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NEWS
by ANDREA ROWLAND | July 29, 2003
andrear@herald-mail.com Reality can bite - and its teeth leave a lasting mark when your reality is captured on video, edited for dramatic effect and broadcast on national television. But starring in a reality TV show also can make you a stronger person - and land you a cool new wardrobe and other material perks. Just ask Jordan Erlich, who spent 10 weeks on camera during the taping of the MTV reality show "Sorority Life. " Erlich, 22, was one of six Sigma Alpha Epsilon Pi sorority pledges that five MTV camera crews and six directors followed 24 hours a day from April through mid-June 2002 at the University of California at Davis.
OPINION
By ALLAN POWELL | April 27, 2012
Richard Dawkins must surely be one of the most prolific writers of modern times. While his forte is evolutionary biology, he comfortably ventures into other fields of science. His newest publication, “The Magic of Reality: How We Know What's Really True,” is another gem for one's library. It is, without a doubt, one of the best illustrated science books to be written. Dawkins deals in a masterful way with a very slippery word, “reality.” Dawkins, at the same time, might surprise those who are certain they know “reality.” The pattern followed throughout this book is to tell the mythological origins of each topic and then to show what scientists have found using the tools and methods of science.
OPINION
May 27, 2013
I'm not in any way entertained by reality TV. One episode each of “Survivor,” “Big Brother” and Dancing With The Idols was evidence enough that there was nothing in the genre for me. OK, I got hooked on Orange County Choppers for a time, but that was the exception that proved the rule - the clear-cut demonstration that all these reality shows were scripted beyond belief, to the point that the phoniness itself became its own raison d'etre:...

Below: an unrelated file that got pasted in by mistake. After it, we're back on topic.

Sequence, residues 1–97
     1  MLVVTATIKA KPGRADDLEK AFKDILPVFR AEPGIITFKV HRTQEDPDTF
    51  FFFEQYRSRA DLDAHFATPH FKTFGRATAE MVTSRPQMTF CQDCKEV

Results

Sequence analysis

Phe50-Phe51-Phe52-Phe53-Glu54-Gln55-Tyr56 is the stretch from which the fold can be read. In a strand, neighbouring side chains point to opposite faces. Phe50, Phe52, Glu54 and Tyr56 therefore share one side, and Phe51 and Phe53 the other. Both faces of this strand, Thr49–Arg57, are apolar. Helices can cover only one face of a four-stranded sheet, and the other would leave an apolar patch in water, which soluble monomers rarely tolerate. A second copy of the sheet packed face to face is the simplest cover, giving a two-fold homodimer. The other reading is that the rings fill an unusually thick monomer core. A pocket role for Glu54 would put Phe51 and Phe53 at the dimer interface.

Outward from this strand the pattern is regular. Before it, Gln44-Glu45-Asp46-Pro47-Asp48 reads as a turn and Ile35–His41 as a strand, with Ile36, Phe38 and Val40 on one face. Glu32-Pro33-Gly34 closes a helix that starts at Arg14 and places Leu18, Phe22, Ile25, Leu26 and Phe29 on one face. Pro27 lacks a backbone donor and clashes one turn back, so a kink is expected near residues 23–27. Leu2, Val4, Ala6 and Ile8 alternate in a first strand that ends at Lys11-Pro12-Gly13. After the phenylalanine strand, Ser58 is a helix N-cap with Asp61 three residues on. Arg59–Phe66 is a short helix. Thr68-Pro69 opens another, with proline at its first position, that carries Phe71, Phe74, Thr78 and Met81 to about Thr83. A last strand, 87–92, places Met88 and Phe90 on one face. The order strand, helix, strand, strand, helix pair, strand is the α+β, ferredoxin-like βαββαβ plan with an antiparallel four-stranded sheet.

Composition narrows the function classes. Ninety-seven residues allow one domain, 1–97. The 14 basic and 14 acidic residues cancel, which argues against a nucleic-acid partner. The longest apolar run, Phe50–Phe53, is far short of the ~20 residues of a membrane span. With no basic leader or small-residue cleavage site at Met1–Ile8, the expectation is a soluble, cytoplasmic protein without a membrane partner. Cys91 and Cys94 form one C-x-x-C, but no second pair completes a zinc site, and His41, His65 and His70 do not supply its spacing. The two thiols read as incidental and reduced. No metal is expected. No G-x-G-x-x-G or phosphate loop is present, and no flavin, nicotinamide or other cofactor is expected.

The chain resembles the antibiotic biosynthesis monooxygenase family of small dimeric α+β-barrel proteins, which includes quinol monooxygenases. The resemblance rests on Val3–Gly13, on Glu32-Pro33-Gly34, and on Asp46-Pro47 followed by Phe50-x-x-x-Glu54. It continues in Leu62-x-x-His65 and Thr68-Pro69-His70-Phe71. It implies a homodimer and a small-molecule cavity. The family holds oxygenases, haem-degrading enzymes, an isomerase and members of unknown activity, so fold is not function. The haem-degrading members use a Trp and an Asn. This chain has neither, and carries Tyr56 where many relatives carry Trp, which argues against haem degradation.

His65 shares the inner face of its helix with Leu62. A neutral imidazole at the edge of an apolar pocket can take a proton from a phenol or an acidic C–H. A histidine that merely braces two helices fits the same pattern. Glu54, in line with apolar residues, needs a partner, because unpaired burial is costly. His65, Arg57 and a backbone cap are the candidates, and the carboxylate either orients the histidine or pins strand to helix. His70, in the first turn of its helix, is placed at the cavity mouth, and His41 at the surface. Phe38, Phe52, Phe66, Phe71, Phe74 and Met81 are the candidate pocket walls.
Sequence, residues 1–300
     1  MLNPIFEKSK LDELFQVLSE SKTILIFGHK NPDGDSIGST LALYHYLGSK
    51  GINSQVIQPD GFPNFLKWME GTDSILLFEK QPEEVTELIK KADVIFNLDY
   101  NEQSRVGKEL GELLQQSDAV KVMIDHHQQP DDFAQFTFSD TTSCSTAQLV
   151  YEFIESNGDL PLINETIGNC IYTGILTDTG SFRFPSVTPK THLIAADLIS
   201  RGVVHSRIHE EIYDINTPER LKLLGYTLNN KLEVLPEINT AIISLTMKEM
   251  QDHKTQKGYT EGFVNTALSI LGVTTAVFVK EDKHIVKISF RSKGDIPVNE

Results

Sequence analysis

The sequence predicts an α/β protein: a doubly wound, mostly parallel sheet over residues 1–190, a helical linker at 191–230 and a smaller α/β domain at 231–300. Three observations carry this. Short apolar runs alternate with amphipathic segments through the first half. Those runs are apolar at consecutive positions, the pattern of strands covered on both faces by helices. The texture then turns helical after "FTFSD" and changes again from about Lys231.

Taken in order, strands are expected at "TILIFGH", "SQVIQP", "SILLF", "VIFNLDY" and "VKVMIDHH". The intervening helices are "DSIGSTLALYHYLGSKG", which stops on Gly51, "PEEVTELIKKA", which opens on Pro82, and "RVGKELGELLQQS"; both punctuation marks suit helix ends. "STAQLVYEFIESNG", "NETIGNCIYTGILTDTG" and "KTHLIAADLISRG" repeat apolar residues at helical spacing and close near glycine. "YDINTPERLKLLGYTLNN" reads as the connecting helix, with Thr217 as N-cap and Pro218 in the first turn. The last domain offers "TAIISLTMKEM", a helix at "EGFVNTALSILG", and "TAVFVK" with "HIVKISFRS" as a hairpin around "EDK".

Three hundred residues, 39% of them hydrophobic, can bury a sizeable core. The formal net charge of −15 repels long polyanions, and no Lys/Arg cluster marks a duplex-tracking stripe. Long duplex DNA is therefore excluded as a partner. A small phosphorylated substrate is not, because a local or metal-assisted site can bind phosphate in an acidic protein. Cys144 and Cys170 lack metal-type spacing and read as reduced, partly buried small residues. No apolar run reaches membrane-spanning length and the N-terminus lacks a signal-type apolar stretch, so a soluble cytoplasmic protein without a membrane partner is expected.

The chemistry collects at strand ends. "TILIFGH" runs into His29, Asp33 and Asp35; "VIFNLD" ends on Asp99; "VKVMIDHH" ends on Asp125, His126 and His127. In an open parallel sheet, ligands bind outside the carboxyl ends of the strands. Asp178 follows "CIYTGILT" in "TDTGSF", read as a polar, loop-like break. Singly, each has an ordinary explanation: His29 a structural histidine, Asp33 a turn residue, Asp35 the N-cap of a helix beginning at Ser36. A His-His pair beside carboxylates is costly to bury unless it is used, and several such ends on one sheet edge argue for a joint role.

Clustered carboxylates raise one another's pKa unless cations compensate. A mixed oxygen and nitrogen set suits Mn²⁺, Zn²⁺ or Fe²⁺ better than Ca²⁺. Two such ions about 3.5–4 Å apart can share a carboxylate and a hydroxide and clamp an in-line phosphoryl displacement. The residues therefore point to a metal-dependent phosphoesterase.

SPORTS
By BOB PARASILITI | January 13, 2013
Reality is all the rage these days. It seems that most everyone wants to “keep it real,” … maybe that's how we arrived at the concept of reality TV. Be it a creation of society's lack of creativity or a “you can't make this stuff up” attitude, just plopping a camera in a room full of people is all the entertainment most people seem to need these days. Outside of television, we have one other place where you can find drama, comedy, challenge, anxiety, trepidation, amazing real-life characters and the “man vs. whatever” situations.
NEWS
by BOB PARASILITI | July 29, 2003
I, like the rest of my colleagues, are feeling the sting of the mid-summer blahs. There isn't very much going on in the local area and the national sporting scene is less than captivating. There is more fodder for Outside the Lines than there is for This Week in Baseball and NBA Inside Stuff these days. And let's not even get into summer TV ... there are either repeats or reality. So it got me thinking. With the way the world is spinning and television is filling its time slots, why not make an offer or two for new shows networks could run in the fall season.
NEWS
July 30, 2003
Wednesday, July 30 8 p.m. on NBC "Race to the Altar" Never mind that old advice about not rushing into marriage. They didn't have reality shows in those days. 9 p.m. on ABC "The Family" Only three episodes aired before ABC interrupted this reality show last spring. Highlights from those programs are being shown tonight so everyone will be ready to watch the remaining six episodes, starting next Wednesday.
NEWS
March 15, 2005
Tuesday, March 15 9 p.m. on Bravo 'Project Greenlight' The reality series that gives fledgling filmmakers their big chance returns for a third season, moving over to Bravo from HBO. This year's winning project is a horror movie, with veteran director Wes Craven lending his expertise. 10 p.m. on Pax 'Cold Turkey II' Once again, 10 "unsuspecting" smokers are lured onto a reality show only to learn that its real purpose is to get them to quit.